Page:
• The petition asks for the name, address, and phone number of each person who signs. It also asks if at least one member of the household will purchase a RPP permit at a cost of $25 annually.
• Residents must provide contact information.

The process to expand a RPP zone can take time, Parking Services encourages residents to coordinate petitioning so that multiple blocks can be included in one request. Petitioning for multiple blocks will also prevent the displacement of parking congestion and reduce the need for future petitions.

Following submission of the petition, City Administration springs into action. They verify the identity and residential address of the petitioners and conduct a parking survey. At least 25% of vehicles parked in the area during the day must be transient parkers (non-resident vehicles) and there must be significant parking pressure.

If both of the above criteria are met a report is submitted to City Council to seek approval of the proposed RPP zone expansion and amend the Residential Parking Program Bylaw #7862.

This outline is only a guide for information purposes. The full policy can be found at The Bylaw can be found at

At the end of the day, creation of a new RPP zone is at the discretion of council.

Jon Naylor, VVCA President


As I walk around our neighborhood one of the major issues is parking. Residents are concerned they cannot park near their home, tradespeople have difficultly finding parking to perform needed repairs, there is no room for visitors to park, and back alleyways are obstructed by delivery and builders’ trucks. In the residential parking zone close to the University, the concerns are around lack of parking on weekends. From 15th Street south, work day parking is the problem. It is not completely clear who is parking in our neighborhood. Some tell stories of students parking outside their house and catching a bus up to Place Riel, others think RUH employees are an important factor. Another factor is the increased housing density in our area. Every time a lot is subdivided we lose front street parking to curb cuts and/or gain more cars.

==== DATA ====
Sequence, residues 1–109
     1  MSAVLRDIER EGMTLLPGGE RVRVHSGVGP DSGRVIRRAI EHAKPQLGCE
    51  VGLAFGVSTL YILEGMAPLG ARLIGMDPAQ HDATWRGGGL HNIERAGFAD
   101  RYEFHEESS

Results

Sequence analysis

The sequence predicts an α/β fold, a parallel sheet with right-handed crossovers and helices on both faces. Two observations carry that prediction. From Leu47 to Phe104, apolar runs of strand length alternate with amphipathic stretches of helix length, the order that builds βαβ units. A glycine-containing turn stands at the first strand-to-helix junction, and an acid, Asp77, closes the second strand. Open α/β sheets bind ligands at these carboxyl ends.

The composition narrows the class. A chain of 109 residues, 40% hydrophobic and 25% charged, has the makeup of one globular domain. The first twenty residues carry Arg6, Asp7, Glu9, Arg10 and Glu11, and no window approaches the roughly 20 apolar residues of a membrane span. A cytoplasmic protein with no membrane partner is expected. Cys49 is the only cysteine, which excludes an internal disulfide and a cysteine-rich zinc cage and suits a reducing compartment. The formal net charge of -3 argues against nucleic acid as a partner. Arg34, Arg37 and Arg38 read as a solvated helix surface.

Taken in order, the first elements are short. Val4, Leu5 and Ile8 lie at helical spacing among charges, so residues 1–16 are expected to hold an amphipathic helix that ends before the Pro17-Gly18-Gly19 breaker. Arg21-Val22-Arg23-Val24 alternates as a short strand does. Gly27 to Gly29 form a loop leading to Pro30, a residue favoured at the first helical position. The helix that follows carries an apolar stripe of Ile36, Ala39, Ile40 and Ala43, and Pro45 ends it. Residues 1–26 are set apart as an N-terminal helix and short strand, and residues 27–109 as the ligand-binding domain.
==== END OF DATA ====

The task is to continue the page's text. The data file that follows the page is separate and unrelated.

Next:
The VVCA Civics committee is working to understand our options to address our parking problems. In October we met to discuss this issue with two University of Saskatchewan representatives James Cook (Manager of Business Opportunities and our College Quarter liaison) and Quintin Zook (Director of Consumer Services). We learned that during the work week, all University parking spaces are occupied and that there is a waiting list for daytime on-campus parking. On the weekends the University has spare parking capacity. There are several lower cost parking options for students, typically in the more peripheral areas of campus. Faculty and staff have access to more centrally located lots as part of their parking plan. We plan on meeting with student representatives and RUH to get their take on the parking situation. Ultimately, if our neighboring employees are unable to help, one option will be to apply for an extension of the residential parking plan to cover a wider area and longer hours. Another suggestion is to allow residents to sell off-road parking; this private enterprise approach would require architectural guidelines to ensure that parking was appropriately hidden and landscaped. Finally, I hope that the planning department will insist that new construction follows existing by-laws and that parking exemptions for new builds are no longer approved.

Another change that is likely to affect our community is the development of College Quarter. The new hotel is already under construction. Other plans call for sporting areas, mixed residential and commercial construction. Development will remove green space, remove campus parking lots, increase the number of cars in our area and bring young families; changes that could impact parking, schools and parks in Varsity View. Another problem will be how the City and the school system get money to provide these services as University lands are exempt from municipal taxes. James Cook will give an overview of College Quarter development at January 18th at 7 pm in the library at Brunskill school. I hope you will attend as it will be an opportunity to get answers to your concerns and opportunities that this development brings to our neighbourhoods.

An interesting overview of the demographics of Varsity View can be found by searching for neighborhood profiles, 2015, City of Saskatoon. The data was recently updated. Both Grosvenor Park (12 units/hectare) and Varsity View (15 units/ hectare) have a greater housing density than the whole City (11 units/hectare). We have a much greater pressure on our parks than the whole City; there are 386, 487 and 235 people/hectare of park for Grosvenor, Varsity View and the whole City respectively. In Varsity View the majority of dwelling units are rented (41% home ownership), Grosvenor has 56% home ownership and the whole City has 66%. Taken together this information suggests there is a lot of pressure on our neighborhoods and it is fantastic that the efforts of our residents make this a sought-after area. Throughout the City, more people walk to work than take the bus. We excel at walking, 25% and 17% of us walk to work in Varsity View and Grosvenor respectively, compared with a City average of 5%.